Archive for the ‘agnes bernelle’ Category

a dead father and an army in the closet

October 13, 2008

weimarer republik, the times between the two wars, the golden youth celebrating life, the seedy nightclubs with coked up hustlers in berlin – or in paris, for that matter. as an afterthought to my last post, and especially for my straight readership i have to recommend as further reading of course also pitigrilli‘s cocaine. yeah, love is the drug… yes, the exciting 1920s.

time for something made in the … 1980s. a record which corrects especially one aspect of the 1920s, the cabaret. it wasn’t all liza (with z), you know… the cabarets were certainly a place for entertainment, but also a place for the search of different expressions, ranging from the radically senseless of the dadaist (cabaret voltaire) to the journalistic work of kurt tucholsky. the cabaret is for me not only interesting in its inclusion of political, artistic, sexual minorities, but also in its more artistic form in its attempt to combine art with the social. and it might be not so much a coincidence that the following record came out in the 80s, where there were also different artists working on the combination of the artistic (in this case: musical) and the social by trying to be popular – not necessarly in the sense of selling as many units as possible, but in the sense of transporting content in popular forms. also out of the sense of an urgency to try and influence the social, the political, the necessity to take a position also as artists. for me such different artist as the specials (and the specials a.k.a., and the fun boy three ,and colourfield), early ub40, the style council, the the /matt johnson, billy bragg, tom robinson, fad gadget / frank tovey … and elvis costello.

and on the label co-owned by elvis costello also appeared in the eighties a record that tried to set the record straight on cabaret. and who would have been better to do that then agnes bernelle? born 1923, daughter of theatrical entrepreneur rudolph bernauer, she was obviously already as a child exposed to the cultural diversity of berlin of these times. her family fled berlin in 1936 to london. then the fascinating career of miss bernelle brought her from exile-cabarets to radio host to singer to actress. not necessarly in that order, and sometimes overlapping. father’s lying dead on the ironing board is agnes bernelle’s second record – her first one, apparantly with songs from weill / brecht, a selection with which she started her singing career – or, as described in the liner notes, her one woman show, was published in 1977. father’s lying on the ironing board has a different selection: it is based on lyrics, poems by ringelnatz, klabund, wedekind to music composed by michael dress, since there were no musical scores to these texts, be it because some of them were not songs before, be it because they have not been written down at the time. there is one interesting exception, a nod that cabaret was not only german, but actually at least as much french: there is one song with lyrics by jaques prevert – who has been a great source of inspiration also for many chanson singers…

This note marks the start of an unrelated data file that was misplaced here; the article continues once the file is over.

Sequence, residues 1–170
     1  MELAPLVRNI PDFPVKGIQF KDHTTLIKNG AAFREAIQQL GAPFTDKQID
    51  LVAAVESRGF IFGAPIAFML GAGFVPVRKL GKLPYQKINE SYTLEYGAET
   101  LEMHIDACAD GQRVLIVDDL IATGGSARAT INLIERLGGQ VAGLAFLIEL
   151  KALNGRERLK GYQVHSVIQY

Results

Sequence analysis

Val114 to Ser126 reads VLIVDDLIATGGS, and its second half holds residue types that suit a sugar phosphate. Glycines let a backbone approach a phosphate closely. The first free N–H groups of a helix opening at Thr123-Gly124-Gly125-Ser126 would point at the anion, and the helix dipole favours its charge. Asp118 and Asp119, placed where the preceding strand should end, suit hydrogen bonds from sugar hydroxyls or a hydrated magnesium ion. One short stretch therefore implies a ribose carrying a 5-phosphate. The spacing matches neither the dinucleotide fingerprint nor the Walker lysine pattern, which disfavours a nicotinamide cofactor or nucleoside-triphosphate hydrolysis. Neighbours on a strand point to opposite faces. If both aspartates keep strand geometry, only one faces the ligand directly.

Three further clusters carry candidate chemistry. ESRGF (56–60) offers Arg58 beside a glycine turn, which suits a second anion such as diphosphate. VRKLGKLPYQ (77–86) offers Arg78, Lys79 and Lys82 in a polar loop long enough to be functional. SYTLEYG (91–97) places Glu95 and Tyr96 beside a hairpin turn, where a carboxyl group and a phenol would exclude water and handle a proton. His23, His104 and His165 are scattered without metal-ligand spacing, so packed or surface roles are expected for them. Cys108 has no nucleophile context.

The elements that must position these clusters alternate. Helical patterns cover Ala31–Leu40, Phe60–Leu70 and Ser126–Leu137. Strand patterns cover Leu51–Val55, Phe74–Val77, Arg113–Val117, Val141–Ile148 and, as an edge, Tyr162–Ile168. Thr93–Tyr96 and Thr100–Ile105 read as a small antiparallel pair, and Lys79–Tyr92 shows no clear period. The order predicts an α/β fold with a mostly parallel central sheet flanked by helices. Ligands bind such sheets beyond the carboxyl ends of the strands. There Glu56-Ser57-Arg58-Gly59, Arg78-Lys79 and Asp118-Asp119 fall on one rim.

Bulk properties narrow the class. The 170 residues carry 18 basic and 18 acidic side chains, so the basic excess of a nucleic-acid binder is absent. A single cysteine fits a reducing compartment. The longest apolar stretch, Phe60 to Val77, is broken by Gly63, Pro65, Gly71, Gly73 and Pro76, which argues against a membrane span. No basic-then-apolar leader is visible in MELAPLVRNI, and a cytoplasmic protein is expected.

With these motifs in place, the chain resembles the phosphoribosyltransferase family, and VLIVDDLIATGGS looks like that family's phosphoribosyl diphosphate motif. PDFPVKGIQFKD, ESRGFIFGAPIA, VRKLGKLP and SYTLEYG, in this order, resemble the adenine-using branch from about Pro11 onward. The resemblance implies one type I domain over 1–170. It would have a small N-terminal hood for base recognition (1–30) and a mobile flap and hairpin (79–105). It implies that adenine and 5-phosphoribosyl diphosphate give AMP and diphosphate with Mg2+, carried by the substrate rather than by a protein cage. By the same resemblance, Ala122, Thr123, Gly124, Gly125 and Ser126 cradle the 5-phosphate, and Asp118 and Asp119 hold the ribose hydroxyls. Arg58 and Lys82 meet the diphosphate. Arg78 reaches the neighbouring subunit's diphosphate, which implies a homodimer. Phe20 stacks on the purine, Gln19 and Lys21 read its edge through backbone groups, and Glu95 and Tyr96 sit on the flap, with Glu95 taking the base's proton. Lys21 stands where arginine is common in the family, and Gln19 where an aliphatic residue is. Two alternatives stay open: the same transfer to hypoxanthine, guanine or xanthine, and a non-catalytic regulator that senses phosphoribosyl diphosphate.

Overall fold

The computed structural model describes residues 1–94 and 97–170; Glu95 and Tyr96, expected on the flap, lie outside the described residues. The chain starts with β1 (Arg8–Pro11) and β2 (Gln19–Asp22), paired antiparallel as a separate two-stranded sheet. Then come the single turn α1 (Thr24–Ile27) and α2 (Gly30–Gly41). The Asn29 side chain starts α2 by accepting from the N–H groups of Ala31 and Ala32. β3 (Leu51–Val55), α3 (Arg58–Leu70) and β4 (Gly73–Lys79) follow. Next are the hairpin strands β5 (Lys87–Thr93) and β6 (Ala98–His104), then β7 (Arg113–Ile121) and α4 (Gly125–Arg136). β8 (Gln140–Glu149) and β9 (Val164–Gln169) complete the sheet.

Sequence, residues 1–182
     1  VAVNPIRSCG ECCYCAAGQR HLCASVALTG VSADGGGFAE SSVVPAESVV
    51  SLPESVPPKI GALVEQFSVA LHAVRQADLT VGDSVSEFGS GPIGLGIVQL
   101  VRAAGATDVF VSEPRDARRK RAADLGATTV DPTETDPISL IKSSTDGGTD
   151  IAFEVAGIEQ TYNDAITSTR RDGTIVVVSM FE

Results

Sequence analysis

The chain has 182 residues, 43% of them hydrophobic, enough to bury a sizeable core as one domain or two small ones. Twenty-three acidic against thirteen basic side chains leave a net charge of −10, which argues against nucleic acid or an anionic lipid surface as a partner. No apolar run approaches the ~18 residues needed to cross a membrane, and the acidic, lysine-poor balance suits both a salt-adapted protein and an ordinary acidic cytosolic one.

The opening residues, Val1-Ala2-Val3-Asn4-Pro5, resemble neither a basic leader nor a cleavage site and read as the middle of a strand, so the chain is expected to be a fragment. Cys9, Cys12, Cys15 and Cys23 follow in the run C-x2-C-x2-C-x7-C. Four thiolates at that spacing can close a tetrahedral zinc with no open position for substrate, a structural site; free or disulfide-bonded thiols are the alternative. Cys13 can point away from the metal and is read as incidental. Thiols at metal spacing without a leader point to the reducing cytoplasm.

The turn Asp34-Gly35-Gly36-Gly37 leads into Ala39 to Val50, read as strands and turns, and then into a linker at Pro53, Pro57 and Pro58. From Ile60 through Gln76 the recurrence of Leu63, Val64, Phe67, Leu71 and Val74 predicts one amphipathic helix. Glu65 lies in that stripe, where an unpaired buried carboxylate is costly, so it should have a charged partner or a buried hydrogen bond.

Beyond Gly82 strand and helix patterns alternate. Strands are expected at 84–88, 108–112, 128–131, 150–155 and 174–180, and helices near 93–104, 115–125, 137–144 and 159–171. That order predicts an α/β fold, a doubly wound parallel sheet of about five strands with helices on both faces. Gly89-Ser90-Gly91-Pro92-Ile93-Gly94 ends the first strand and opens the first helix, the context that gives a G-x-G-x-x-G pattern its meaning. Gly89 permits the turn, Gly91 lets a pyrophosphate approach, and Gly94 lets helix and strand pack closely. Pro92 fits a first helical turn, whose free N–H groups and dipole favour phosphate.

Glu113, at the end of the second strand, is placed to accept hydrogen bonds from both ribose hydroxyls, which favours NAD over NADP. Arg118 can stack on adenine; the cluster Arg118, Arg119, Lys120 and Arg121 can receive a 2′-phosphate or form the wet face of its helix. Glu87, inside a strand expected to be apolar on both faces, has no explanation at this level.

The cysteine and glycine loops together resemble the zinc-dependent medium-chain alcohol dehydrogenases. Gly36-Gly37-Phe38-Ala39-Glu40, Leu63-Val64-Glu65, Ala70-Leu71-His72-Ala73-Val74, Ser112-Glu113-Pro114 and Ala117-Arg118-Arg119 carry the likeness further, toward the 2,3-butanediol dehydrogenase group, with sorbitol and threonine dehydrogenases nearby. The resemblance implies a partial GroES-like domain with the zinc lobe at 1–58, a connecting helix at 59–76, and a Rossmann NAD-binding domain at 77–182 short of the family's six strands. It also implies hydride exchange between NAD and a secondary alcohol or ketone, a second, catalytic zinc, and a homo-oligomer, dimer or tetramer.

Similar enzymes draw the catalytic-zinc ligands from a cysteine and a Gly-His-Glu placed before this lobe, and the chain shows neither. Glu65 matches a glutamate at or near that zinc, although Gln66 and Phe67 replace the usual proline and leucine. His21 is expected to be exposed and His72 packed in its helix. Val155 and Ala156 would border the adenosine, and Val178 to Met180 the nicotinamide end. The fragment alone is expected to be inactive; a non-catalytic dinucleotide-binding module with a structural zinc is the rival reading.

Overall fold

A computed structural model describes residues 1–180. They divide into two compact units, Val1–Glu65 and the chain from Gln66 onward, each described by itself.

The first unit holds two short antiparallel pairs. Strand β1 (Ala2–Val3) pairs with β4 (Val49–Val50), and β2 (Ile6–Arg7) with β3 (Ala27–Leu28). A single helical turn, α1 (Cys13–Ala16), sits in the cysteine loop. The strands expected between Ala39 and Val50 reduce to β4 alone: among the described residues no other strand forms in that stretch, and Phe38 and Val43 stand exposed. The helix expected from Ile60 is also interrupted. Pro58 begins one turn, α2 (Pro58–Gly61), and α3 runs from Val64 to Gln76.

the record also provides a lot of information through using the inner sleeve, besides a detailed biography of agnes bernelle one also finds biographies of the writers and musicians and a very interesting introduction to the cabaret. just click on the thumbnail on the right hand side… be warned: it’s a big file…

three years later she released mother the wardrobe is full of infantry men with songs that were written between 1900 and 1988 – the better known composer of the newer songs are certainly tom waits and marc almond. and yes, marc almond is credited making this record possible. but then we knew all along that marc almond understands everything about cabaret in its different forms and its different offsprings.

both records are a lot of fun, certainly because of the lyrics, the selection of songs, and of course agnes bernelle’s unique style to present them. but it is strange – both records also leave me wanting… in a way both records are not really records, but rather collections of songs. it is for me just so obvious that she loves telling these different stories, ranging from the touching to the absurd, from the frivolous to the earnest, and i think this is why i miss that the records in itself do not really tell a story. i am just still surprised that there is no live recording of her. and i also think that it might would have been interesting to involve marc almond and billy mcgee (who wrote one song especially for her) would have influenced the making of this record even more in the direction of giving it a more, hm, rounder appearance… but enough critizising – how about you just enjoy these songs and its stories? huh?

and then it is also a good starting point to htink about the cabaret away from its representation in that movie / musical and its traces that lead to the present day. and some of these traces will show up on this blog in the not too distant future.

and as a little taste of how miss bernelle performed, and also to show why i would just love to listen one day to a live recording (or even better: see a live performance) of hers, here a clip of her, singing that duet marc almond wrote for her (showing also their closeness – there must have been: you can only write lines like “not so oblivious this bitch is” for someone you love, right?):